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JEARRARD'S HERBAL


7th August 2016

Platycodon grandiflorus Pink
One of those weeks that has struggled to get going. Rain on Monday and Tuesday seemed like good news but I planted a few things out on Tuesday and the ground is still dry two inches down. I thought I would get away with it, now I'm not so sure.
A couple of weeks of light drizzle and already people have started to say we haven't had any summer at all. It mystifies me, these are the first days since April when it has rained significantly - I know that because I wait for a rainy day in summer to do my tax return, which I posted off on Monday.
The Agave house was built to keep the inevitable summer rain off the Agave and to keep the inevitable winter rain off as well. It works well, it is very dry up there. I wanted something that would grow with the Agave and introduce some cheery flowers. The first thing I tried was Platycodon. It might not seem like an obvious combination but they have thick fleshy roots and they are completely dormant through the winter and put up with significant dessication.
It was a partial success. One of the original five has prospered and it is getting better every year. They were originally growing in coir compost and if I planted more they would be adapted to an inorganic compost first.
While they were making up their mind about living or dying, I planted some Lewisia as well, and they have also been a partial success. If I had any, I would have planted L. rediviva but instead I had to use some big fat L. cotyledon seedlings. They have occasionally been good.


7th August 2016

Persicaria amplexicaulis 'Orangefield'
It has been a week when I would have liked to get going faster. I started weeding the herbaceous border last week and it was going well. Things were pulling out easily and the piles of weeds were wilting rapidly. Then the rain came and I am far to feeble to scrabble around in dank foliage. So it remains unfinished for now, top of the list to return to on a dry evening.
People take many and varied pleasures from weeding but for me it is the joy of watching a vague mess of colour resolve into a decent blob of planting. Persicaria 'Orangefield' has benefitted and I managed to get the Red Campion out without disturbing the vertical perfection of the spikes. It is one of many new cultivars that have been introduced and although there are a lot of them, most of them seem to be improvements on what has gone before (which isn't always the way when species suddenly become popular).
It isn't really orange, and that seems like a good thing at the moment. It blends well with reds and purple without having to invoke the theoretical benefits of contrast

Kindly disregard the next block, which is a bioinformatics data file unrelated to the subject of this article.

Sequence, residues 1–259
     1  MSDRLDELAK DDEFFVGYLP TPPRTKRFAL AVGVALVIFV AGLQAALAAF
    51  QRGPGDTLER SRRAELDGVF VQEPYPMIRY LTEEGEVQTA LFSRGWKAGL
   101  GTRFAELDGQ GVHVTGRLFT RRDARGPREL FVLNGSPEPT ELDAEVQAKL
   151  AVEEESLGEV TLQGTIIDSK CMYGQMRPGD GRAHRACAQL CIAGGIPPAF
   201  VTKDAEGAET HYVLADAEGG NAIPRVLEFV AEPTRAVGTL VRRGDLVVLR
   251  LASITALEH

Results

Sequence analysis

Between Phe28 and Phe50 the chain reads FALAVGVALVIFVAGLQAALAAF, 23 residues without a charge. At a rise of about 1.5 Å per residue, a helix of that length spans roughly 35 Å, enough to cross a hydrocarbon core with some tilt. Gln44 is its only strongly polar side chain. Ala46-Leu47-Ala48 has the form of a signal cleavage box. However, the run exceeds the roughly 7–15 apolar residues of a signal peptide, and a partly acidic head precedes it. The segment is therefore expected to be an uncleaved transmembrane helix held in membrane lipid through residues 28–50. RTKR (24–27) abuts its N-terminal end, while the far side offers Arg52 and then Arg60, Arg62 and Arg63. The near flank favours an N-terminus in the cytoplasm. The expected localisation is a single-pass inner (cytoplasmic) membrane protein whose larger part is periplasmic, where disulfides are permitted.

7th August 2016

Cautleya spicata 'Crug Canary'
Last time I was paying serious attention to Cautleya there was a deluge of unidentified plants appearing in the lists of the wholesale importers. That particular deluge seems to have dried up but a decade later there is a new flood of cultivars being named from wild collections. It is unfortunate that many of the first wave have disappeared. I lost a number of mine in the recent hard winters - I should have been more careful, but it easy to be wise after the event. There were some very distinctive things among them although they were difficult to identify at species level. That is not quite right. They were easy to identify at species level, all you have to do is count the flowers on the spike. The difficulty is that having done so the groups of plants you are left with seem to have very little in common. There is more work to be done on the identity of Cautleya species.
The modern wave of names has a different problem. They are all pretty much indistiguishable. This is 'Crug Canary' but you would have to read the label to know it. I have a number of different names growing in pots in the greenhouse at the moment and it suddenly struck me that I should move them all well apart. If labels were accidentally transposed they would all have to be called C. spicata, which is probably fair. That is all they are.
(I accept that the names refers to distinct collections, and that collection numbers are rapidly becoming inconvenient).



7th August 2016

Disporum Black-red flower
The reverse seems to have happened with Disporum. There is a big group of plants with greenish-brownish flowers and branched stems growing to about a metre tall. They might be a single variable species, or there might be dozens of clearly defined taxa. I don't think enough fieldwork has been done to even guess. A decade ago I was inclined to think of them as a single group, but suddenly there is more variety.
I was given this one as a seedling five or six years ago, and I am very grateful, but I read the description "black-red flower" and thought "Yeah yeah". In a state of smug disbelief I stumbled past the newly named 'Blackberry Bere' this spring and was stopped in my tracks. Beautiful lilac bells dangling from the tall stems.
Now I have blooms on 'Black-red' and although the description is a bit optimistic, the plant is clearly quite distinct. There is more going on among the big Disporum than I thought.